This I know for sure: I just can’t write the way I used to.
I have always been a cerebral person- my brain, on any given day, like Grand Central Station. But instead of trains racing down tracks and passengers rushing to make connections, it is my thoughts that race and ideas that connect, and whichever issue or emotion is at the forefront of my mind acts as train conductor. My brain is a loud, busy, curious place- one which doesn’t quiet easily. The world around me is also loud, busy, and curious and I have always made sense of it through writing. Pre-Covid, I could sit and write for hours. The narratives in my head would weave together into stories and all I had to do was sit at my computer and let my fingers do the talking. Only then, having done my best to make sense of a nonsensical world, would I be able to park each train at its depot and shut down the train station lights for the night.
Unfortunately, the fatigue of long Covid means that my brain is no longer the steam engine it used to be, replaced now by the much slower but stubbornly persistent, “little engine that could.” I think I can. I think I can. I think I can. Already, as I sit here writing this, only two paragraphs in, I can feel the pressure at the edges of my eyes bringing with it the promise of a near future headache that will feel like someone is trying to juice my brain like a half grapefruit.
Lord knows there is much about the world right now that doesn’t make sense. So if I could, I would write at length, for example, about bodily autonomy. I have been thinking a lot about how when I found out my second child would need to be born via c-section because they were in breech position with the umbilical cord wrapped twice around their neck I decided that I was really done with pregnancies and since the doctors were going to have their hands all up in there anyway, I wanted them to do a tubal ligation. Both the OB and the nurse midwife tried repeatedly to change my mind- “you’re only 33,” they said,”do you understand that this is a permanent procedure? What if you change your mind?” they asked, and even immediately after my baby was, thank God, born healthy they persisted, “what if God forbid your baby dies?”
I insisted, and they acquiesced- sort of– they wouldn’t cut or cauterize my fallopian tubes- but they would clamp them- a procedure that could potentially be reversible- you know, just in case. I have never for a moment regretted this decision. And if I were writing about this at length, I would be sure not to leave out how other women I know were just told “no” when asking for this procedure even at 44 as if grown ass women are unable to make educated decisions about our own bodies.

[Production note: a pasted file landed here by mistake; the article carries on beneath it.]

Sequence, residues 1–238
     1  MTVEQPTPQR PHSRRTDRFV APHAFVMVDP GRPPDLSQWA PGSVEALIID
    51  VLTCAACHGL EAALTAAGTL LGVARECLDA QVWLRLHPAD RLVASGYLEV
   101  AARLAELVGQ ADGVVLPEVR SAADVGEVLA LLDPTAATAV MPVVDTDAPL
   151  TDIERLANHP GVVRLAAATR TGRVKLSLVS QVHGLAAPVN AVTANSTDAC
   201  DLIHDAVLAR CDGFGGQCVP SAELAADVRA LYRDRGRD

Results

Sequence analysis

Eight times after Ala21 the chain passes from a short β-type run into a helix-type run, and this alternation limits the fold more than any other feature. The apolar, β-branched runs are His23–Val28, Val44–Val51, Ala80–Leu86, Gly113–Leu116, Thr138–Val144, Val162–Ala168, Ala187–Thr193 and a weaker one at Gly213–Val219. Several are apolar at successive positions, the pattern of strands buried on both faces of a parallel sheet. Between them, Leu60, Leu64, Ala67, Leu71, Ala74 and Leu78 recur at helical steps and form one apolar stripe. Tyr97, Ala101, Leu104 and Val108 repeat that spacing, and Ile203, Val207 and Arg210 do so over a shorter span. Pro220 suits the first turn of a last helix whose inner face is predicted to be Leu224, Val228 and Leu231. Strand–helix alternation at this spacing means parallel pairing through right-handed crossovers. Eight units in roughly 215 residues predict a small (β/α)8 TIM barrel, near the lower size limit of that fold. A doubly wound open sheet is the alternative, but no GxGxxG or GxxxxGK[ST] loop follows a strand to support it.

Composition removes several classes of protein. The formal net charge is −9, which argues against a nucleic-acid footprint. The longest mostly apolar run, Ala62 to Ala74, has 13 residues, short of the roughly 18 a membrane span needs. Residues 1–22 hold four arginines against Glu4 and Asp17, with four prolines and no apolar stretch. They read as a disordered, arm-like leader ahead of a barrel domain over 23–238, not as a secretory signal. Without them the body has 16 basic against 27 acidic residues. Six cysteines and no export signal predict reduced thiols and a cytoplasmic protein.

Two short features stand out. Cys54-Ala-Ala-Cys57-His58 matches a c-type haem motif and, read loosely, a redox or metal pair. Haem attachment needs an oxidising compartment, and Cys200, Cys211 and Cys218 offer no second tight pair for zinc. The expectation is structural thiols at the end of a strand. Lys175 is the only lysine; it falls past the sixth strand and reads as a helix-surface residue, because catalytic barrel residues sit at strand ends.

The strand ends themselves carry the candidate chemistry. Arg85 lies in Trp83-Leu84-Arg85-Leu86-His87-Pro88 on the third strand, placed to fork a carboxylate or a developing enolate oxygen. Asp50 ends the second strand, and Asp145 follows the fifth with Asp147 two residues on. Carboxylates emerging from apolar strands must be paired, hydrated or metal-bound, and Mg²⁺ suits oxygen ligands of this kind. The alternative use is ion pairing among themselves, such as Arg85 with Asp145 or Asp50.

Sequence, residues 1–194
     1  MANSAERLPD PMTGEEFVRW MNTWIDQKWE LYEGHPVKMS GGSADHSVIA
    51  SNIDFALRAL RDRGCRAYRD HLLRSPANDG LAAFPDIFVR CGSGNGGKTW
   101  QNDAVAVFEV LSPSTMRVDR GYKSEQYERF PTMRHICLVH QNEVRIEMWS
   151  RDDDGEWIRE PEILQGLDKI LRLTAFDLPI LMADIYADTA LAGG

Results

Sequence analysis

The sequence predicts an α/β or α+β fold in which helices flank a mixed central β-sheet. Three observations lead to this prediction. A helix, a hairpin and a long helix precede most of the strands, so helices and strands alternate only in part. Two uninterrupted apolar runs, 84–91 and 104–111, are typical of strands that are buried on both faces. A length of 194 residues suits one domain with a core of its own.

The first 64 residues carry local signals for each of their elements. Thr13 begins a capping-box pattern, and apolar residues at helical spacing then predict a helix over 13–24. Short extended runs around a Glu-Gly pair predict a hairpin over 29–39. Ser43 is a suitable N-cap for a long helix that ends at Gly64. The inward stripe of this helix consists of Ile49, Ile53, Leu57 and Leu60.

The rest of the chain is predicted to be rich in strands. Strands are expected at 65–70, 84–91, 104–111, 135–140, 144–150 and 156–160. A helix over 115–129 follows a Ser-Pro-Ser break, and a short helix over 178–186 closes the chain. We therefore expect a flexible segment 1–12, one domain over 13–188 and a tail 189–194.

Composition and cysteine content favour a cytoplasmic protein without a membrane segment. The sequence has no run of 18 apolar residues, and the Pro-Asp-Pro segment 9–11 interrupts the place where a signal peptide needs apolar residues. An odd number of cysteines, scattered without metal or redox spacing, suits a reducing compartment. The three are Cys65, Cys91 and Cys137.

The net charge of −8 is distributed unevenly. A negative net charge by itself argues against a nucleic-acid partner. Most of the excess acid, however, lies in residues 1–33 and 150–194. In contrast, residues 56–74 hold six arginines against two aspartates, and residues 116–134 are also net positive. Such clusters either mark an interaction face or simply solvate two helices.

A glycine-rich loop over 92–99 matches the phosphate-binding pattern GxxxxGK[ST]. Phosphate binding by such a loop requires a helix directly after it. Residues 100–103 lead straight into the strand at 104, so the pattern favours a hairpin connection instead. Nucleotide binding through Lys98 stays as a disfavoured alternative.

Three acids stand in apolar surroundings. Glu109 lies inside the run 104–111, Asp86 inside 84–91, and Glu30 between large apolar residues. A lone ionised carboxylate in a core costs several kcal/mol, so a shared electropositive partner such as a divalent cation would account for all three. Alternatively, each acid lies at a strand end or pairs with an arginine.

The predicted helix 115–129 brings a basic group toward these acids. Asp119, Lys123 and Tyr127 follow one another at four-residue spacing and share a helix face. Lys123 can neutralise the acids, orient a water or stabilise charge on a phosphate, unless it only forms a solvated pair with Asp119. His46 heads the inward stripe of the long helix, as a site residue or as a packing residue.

If the pressure in my head had not started creeping towards my ears; If my muscles hadn’t started twitching and my head was not now shaking, I would also write at length about youth mental health. I would write about how kids are losing their ability to trust themselves and their own judgment about what they want or need because they have been fed by society, parents, schools, and the standardized testing companies a tremendously narrow definition of success- success which can only be reached by a very specific and expensive path.
The kids, I think, are not alright. We are conditioned as parents or teachers to play cheerleader- to tell our kids and students to never quit- to just keep going. That if they just put their heads down and muscle through, keep pushing, work harder, always persist, that we will be so proud of them, perhaps they will even gain entrance to that elite college that holds the only key to a future in which they are “a somebody” that matters. We often forget as grown ups, that there are times that we should absolutely not continue down a path that is causing us physical, emotional, or psychological harm. We forget- or maybe never realized in the first place, that it is actually not our job to always play cheerleader or say, “yes you can, you must” but to help kids discern when a situation calls for resilience and when it calls for retreat. That retreat is not giving up but strategically pausing, reflecting, and adjusting before continuing forward, sideways, or even retracing steps to figure out where they lost themselves in service to a false prophet. And if I didn’t have to keep having to put my head back on the pillow and close my eyes, I would write about how we are currently doing our young people a grave disservice by not sometimes telling them, “you can stop now. You have done enough. It is time to rest.”
If 30 minutes of writing didn’t then force a 90 minute nap and then a 3 day hiatus from working on this piece out of fear it would trigger a fatigue crash that could land me in bed for weeks, I would be writing at length about these and so many other things.
My brain is still like Grand Central Station, with thoughts and ideas scurrying to and fro, urgently trying to make their connections. My writing process, however, feels less like the vast expanse of a meandering Amtrak trip through the Canadian Rockies, with its scenic vistas out the windows of a sleeper car. Writing is now more like a subway commute, one with frequent single tracking delays. Write and then stop. Write and then stop. A little less graceful, leaving me questioning when I will see the light at the end of the tunnel, but still, when I can do it, gets me where I need to go.
I think I can. I think I can. I think I can.
This I know for sure: I am still a writer.